That’s how voters can re-elect a guy accused of taking bribes or diddling interns—because his public policy efforts have the proper intent, his private transgressions are irrelevant. And that’s why they can dismiss the good results achieved by the Other Guy’s public policy efforts—because those policies don’t have the proper intent, their results are irrelevant.

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highly he continued glasses purse.

Sometimes, you find a gem among all the really boring generic “Loved this post!” spam caught in the filter. The following piece of clickbait has a surreal stream-of-consciousness quality that reminded me of the Cylon hybrids running the baseships:

“There began the handbag with their main black replica about vuitton else – finger workboat loved scarred on its blueblack. He began about the tiffany, replica as marking you. Walkie had his talkie. Highly he continued glasses purse – now, was the replica. The coach quality replica so. Esq oily. Twice. The chopard began forgotten. John, unknowing a special player watches. You turned you little to continue his he’d swiss, no numerous army above watches above. Me had of coach nodded of handbag, and i focus should’ve to be this replica – scar hand in the. I closed being i’d. A zenith was the adjoining replica – to the distant rolex in suspect watches the most surprising din from the features into delgado – and he must impatiently fold and sleep, relatively focus columns. Also him looked to stonehenge and finally to replica zealand, how them had unexpectedly of two on the executive, lowering, for a lips – still as of way, and fully in after a new night. He could clear become the watches for we removed known the women never to line, and they could throw mocked talking the safety with the atomic eye at the nose and telling his arrival. Rolex said his watches. He don’t tooted. We was he to him nowhere, perhaps very in i went it, into her bangs his that rolx. I began gliding the quality.”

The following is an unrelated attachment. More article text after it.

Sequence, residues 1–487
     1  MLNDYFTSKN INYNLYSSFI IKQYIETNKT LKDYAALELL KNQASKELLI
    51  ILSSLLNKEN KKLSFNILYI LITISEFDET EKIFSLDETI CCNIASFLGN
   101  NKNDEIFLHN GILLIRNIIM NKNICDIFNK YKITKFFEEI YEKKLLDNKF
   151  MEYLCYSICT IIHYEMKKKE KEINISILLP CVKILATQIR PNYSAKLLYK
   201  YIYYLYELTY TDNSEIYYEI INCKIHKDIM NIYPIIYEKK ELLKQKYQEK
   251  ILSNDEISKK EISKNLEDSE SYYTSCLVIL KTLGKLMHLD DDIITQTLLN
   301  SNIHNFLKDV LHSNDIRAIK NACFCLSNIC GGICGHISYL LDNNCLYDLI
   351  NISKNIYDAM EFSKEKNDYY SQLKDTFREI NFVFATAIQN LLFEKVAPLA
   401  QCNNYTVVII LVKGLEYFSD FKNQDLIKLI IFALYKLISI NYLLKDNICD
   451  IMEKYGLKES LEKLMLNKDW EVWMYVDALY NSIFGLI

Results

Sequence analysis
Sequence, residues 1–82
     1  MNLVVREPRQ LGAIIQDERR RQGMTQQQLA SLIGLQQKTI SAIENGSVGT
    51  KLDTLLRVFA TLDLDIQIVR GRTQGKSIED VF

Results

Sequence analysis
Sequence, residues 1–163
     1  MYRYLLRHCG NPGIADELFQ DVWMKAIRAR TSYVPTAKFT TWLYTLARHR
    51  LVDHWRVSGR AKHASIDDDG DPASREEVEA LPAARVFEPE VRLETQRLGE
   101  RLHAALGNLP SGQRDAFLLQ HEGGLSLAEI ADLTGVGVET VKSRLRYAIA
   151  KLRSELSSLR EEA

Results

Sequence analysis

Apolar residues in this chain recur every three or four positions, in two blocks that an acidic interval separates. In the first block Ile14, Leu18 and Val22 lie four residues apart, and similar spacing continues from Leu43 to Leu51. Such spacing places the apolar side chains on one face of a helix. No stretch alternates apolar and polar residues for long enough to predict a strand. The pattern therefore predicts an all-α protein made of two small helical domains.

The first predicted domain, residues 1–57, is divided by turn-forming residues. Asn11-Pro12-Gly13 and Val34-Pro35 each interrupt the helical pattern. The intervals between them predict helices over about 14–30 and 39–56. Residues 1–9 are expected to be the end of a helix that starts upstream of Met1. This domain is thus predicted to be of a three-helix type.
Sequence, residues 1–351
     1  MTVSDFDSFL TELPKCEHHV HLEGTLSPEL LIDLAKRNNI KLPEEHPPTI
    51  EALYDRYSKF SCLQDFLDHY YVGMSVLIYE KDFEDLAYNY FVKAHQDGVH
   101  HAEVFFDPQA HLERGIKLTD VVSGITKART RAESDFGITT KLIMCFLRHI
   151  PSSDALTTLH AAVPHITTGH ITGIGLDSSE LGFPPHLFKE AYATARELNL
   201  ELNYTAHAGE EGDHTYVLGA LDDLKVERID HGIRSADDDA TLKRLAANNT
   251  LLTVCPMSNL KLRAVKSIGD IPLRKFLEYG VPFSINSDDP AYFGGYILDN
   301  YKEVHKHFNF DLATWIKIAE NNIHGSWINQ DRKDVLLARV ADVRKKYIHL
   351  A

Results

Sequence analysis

(I took out the clickable links.)

That is so full of meme gold I don’t even know where to start. Walkie had his talkie! He must impatiently fold and sleep! I began gliding the quality.

a linguistic PSA.

Dear language-using public:

Using the German umlaut in place of an English vowel may look cool and edgy, but it changes the way the word is pronounced.

The umlaut letters Ä, Ö, and Ü change the sound of the respective vowel from a back to a front vowel.  (To a German speaker, the first part of Motörhead would be pronounced like the French word for motor, moteur.)

Just a quick reminder to let you know that you’re actually making German speakers try and pronounce your word constructs in their heads when you indiscriminately use the Heavy Metal umlaut.  Think of the German speakers, please.

 

a first name like someone threw a scrabble game across the room.

Salon has an article on the most popular baby names for 2010, and it seems that the current batch of American infants will have yet another good reason to put their parents up at Our Lady Of The Clogged Feeding Tubes or Aspiration Acres nursing homes in fifty years.  Much like you couldn’t cross a kindergarten playground in the mid-1990s without having to elbow boys named Kevin out of the way, Mrs. Krabapple’s first-grade class of 2016 will have a lot of nametags reading Jacob and Isabella.